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A Quick Start Guide to Preserving your Vegetables and provide days of super Nutritious Foods without refrigeration.

September 6, 2017

This post is meant for last minute learning - when you are in a hurry!

 

Like a hurricane is potentially coming and you are OK with taking just a few minutes to shove some veggies in a jar - seriously - it is almost THAT simple.   

 

Please email support@nourishing9d.com or natureconnects@live.com ...  I'll do my best to give you guidelines if you are in an emergency situation. 

 

Note : if you can, buy cultured veggies in your health food store - they are going to keep without refrigeration for a few days....

Also anything probiotic like live apple cider vinegar or even yogurt, is a healthy thing to do.***

 

Remember that sugar, vinegar and wine can be used as preservatives too.

 

These veggies will become "cultured" or fermented and give your family super nutritious food - whether you are in a hardship situation or not.  They go thru a process that will preserve your veggies and also INCREASE the vitamins as well as provide a healthy beverage( the liquid)

 

Here are the simple steps and instructions - see my other posts for many variations and more..

There are tons of resources on the internet - this is the QUICK START version.

 

Read these 6 tips first, then follow the longer instructions below

 

1. Gather glass jars or ceramic crocks - they dont HAVE to have lids

2.  Gather the veggies to be preserved - think beyond pickles and sauerkraut - if you have cucumbers (pickles) or cabbage (sauerkraut) thats fine but you can preserve lemons, oranges, carrots, garlic cloves, coconut, gren beans, fruits, root vegetables and much more.

3.  You can use salt, whey* or starter cultures. If you only have salt - that's perfect.

4. Use good water for your brine - this can become a healthy beverage once its done.

5. Weigh the veggies down under the brine - this an be done with more whole leaves and plates, lids are ok if you have them but don't put them on tight .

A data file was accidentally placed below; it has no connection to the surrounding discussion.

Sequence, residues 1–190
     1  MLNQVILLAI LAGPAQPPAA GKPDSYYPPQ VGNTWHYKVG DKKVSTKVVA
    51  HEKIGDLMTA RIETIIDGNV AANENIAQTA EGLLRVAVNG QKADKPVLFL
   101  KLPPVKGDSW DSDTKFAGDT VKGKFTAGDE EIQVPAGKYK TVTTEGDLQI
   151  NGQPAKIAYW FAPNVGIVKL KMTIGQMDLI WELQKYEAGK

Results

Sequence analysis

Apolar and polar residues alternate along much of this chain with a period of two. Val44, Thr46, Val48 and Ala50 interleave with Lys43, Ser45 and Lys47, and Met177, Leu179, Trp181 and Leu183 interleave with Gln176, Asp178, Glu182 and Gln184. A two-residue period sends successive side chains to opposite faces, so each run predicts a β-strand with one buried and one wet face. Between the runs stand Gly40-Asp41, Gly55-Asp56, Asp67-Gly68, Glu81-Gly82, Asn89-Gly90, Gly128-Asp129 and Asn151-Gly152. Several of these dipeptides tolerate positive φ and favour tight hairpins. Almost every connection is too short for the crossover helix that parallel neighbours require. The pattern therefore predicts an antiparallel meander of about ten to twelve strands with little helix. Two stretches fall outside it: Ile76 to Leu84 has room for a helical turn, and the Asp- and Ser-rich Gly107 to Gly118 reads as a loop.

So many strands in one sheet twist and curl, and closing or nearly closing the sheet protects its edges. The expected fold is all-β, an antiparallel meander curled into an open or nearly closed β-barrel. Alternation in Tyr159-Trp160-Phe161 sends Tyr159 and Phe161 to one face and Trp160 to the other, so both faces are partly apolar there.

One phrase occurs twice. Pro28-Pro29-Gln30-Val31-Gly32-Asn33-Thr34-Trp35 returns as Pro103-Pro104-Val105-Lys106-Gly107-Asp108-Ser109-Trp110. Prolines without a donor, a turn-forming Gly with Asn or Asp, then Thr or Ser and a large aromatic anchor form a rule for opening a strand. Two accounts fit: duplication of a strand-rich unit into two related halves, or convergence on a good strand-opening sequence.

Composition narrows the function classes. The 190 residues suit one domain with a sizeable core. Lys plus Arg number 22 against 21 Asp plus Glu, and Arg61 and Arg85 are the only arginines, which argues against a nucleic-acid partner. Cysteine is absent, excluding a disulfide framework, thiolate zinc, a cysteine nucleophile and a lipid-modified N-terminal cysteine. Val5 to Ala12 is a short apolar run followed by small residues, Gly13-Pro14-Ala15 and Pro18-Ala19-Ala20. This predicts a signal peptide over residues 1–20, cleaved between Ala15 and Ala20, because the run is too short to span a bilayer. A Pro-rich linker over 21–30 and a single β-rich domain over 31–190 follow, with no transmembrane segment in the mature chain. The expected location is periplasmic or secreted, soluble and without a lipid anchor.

6 . Tips and what to look for ...

 

The longer version of directions - this is still the QUICK Start Guide, but we wont make it more complicated than it needs if you need this last minute.

 

1.   Use glass or ceramic, quart or pint are good. If you have larger containers and lots of veggies then that works.  A quart jar will take about 4 days to culture, if they can be kept cool after that they will last months.  If they can not - then you still have foods to eat for days...

 

2.  Choose your veggies - you may be buying some or using what you have - some are OK to combine , like various root veggies ( ie cabbage and carrots) , others like beets - will want to be done separately.  Wash and for the most part - cut them into bite size pieces.  The size doesnt matter as long as the pieces in the jar are uniform in consistency and size.

 

3 Prepare your brine with salt and water.  "Salt is an important ingredient,  it keeps unwanted bacteria from propagating and helps keep the vegetables crunchy and crisp. 

 

You can use two methods

General rule is 1-3 Tablespoons of salt per quart

 

3a - if you have shredded cabbage and carrots for example - push these down as much as you can to take out space. These create there own juices so opt for 2 T of salt

 

3B If you have for example small cucumbers or carrot sticks, then just pack as tight as you can. and opt for the 2-3 T of salt.

 

The best salt is a Celtic salt, try not to use iodized (processed) salt, but f that is all you have - go ahead.

 

Fill your crock or jar till full to about 2 inches from the top - this is important, so stack on cabbage leaves if you need to.

 

The brine / water needs to cover all the vegetables. This will produce gases but you can't let air get into the jar, so just be sure all is covered with your brine and pushed down and held down - even a plate will work.  If you have a lid - do not put it on tight - the gasses need to escape.

 

You can keep this in a warm place - and in approximately 4 days (quart size) - you will have fermented veggies with probiotics full of vitamin B and C and more - and might even help calm the "nerves".  Any jars will work - you an at first place the lids on with a paper towel and don't shut tight. After you are sure the process has started, take out the paper towel and place the lid on - if you cant keep it cool, the process will still keep going so don't place the lid on tight as gases will still be trying to escape.

 

 

What to look for - if you have your veggies in a glass jar, you should see little bubbles in 24-48 hours.  The same should be happening in your crock.. DO NOT take off the lid or tops at this pint or the whole process will stop.

 

I have a crock that fits 4 tightly packed shredded cabbages - that takes about 3 weeks in moderate temperatures.

 

* one form of good whey is the liquid on top of yogurt - you can use that to make preserved condiments like catsup or mayonaise

 

*** probiotics have natural preservatives for the most part

Cultured veggies will smell a bit sour - but not putrid, as always - if it smells putrid dont eat it.

Cultured veggies can produce a bit of mold on the top but that is common.  Keep a couple inches of leaves on the top and just discard them.

 

Go here for my free Sourdough Challenge - how to use wild yeast for baking

 

 

 

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